15 Traditional Emerging Social Sustainability Indicators
Intergenerational with uncertainty Hybrid Process Strategic Multi-dimensional Principles and Objectives driven Deliberative and reiterative selection Static Mainly Quantitative Product Descriptive Mono-dimensional Target oriented Top down selection

16 Sustainability Assessment
Draft of © Colantonio (2009) Social Sustainability Assessment Framework (SSAF) (not included in the paper) Social Sustainability Social mixing/ cohesion Identity, Image, Heritage Well-being Empowerment, Participation, Access Practice Methods, Themes and Indicators Housing & Environment Education Employment Demography Health and Safety Sustainability Assessment Policy Principles and Objectives Intra- and inter- Generational Equity Recognition and Preservation of Diversity Protection and Promotion of Health and Safety Uncertainty Principle Precautionary Principle Theory Approaches Equity and Human Rights Capital Stock Institutional Theory and Governance Business and Corporate studies Behavioural and Welfare Economics Transition Theory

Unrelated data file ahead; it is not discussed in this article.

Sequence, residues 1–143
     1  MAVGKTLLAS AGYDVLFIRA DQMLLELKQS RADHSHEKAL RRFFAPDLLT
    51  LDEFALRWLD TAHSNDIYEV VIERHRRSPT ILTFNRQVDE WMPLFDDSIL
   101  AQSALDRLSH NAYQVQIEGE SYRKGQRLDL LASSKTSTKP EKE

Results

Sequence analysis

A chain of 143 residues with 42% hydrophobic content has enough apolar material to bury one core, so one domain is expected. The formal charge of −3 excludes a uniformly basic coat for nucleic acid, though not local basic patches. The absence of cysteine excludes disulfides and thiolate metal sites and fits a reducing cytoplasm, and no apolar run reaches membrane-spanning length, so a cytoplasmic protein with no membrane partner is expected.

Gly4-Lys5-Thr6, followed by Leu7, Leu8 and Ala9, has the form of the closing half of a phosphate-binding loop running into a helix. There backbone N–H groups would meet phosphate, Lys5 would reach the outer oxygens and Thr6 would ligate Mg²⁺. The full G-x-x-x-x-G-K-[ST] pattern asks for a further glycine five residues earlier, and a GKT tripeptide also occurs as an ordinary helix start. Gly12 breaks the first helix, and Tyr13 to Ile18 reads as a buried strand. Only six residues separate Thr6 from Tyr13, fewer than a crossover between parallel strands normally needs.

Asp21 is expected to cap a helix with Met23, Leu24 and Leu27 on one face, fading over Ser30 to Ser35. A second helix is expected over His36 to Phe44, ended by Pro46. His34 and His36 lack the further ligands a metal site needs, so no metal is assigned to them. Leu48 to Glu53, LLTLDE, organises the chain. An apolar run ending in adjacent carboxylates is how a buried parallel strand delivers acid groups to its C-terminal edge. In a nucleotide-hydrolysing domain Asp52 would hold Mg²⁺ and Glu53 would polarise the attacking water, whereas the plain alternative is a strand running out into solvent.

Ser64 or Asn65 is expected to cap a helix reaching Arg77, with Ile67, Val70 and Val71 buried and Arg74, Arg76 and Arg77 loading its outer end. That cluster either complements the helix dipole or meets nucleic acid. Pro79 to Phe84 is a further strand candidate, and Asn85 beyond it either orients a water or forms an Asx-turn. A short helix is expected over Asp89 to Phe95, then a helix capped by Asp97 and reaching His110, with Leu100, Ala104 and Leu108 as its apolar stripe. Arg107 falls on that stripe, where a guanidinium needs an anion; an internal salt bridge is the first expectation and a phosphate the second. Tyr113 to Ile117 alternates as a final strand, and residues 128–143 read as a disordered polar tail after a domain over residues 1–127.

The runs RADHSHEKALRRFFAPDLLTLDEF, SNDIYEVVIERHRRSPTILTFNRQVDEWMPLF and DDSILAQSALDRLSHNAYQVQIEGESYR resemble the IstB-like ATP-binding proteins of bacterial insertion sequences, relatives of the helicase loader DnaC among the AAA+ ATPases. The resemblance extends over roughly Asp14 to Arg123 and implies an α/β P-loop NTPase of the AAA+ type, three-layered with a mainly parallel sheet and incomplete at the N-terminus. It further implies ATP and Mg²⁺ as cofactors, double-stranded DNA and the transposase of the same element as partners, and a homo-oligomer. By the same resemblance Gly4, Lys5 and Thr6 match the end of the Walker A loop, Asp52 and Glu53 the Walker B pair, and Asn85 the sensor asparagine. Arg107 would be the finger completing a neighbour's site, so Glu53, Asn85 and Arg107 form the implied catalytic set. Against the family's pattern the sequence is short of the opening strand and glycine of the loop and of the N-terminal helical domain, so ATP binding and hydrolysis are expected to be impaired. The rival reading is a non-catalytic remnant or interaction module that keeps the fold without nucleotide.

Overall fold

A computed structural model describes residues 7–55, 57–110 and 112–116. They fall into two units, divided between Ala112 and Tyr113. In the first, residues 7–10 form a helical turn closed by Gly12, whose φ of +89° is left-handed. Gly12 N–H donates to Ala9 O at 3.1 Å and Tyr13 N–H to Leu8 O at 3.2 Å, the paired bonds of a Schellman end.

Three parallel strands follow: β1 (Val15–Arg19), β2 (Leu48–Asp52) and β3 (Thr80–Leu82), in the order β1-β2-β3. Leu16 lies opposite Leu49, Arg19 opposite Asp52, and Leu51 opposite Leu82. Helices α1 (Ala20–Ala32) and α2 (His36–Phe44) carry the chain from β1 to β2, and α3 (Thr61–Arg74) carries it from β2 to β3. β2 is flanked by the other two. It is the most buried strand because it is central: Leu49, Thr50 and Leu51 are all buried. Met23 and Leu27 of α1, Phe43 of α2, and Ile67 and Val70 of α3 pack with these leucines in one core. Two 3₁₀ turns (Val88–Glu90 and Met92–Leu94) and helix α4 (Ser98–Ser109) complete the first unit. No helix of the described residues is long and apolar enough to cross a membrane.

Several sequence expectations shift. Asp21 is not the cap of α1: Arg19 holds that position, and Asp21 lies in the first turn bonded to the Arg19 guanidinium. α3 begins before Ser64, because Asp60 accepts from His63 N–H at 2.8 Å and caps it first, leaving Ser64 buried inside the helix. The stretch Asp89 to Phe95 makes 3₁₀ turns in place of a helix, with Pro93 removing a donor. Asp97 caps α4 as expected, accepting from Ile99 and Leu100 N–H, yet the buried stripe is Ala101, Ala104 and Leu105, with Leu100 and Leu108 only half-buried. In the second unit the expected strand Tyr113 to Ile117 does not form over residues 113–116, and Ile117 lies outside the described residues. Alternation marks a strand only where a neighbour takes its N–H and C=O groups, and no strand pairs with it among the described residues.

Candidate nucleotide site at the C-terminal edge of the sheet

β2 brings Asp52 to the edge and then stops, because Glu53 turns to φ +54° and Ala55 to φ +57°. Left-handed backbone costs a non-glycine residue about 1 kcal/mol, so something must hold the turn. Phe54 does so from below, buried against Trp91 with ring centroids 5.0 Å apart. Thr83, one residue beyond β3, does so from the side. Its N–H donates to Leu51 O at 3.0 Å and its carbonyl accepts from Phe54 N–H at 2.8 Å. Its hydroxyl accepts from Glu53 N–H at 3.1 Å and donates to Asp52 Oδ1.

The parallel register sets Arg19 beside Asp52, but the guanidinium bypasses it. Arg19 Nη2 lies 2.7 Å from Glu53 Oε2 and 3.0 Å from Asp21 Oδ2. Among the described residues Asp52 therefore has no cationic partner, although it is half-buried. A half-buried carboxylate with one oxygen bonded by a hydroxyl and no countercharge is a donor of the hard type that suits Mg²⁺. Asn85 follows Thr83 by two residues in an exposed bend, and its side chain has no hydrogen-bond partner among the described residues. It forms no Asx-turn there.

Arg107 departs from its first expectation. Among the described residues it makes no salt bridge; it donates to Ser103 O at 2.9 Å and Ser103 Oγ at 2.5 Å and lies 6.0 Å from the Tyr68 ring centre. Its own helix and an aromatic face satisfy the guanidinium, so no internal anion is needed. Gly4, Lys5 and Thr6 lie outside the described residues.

17 Conclusions Emerging ‘soft’ themes are becoming central to the social sustainability debate, together with traditional ‘hard’ themes Future growing importance of softer themes as societies become more affluent and less worried about basic needs Importance of principles, objectives, themes and indicators for policy-making Need for a systematic study of the linkages between theory, policy and practice at EU level

18 Contacts Dr Andrea Colantonio
Oxford Institute for Sustainable Development (OISD) Oxford Brookes University United Kingdom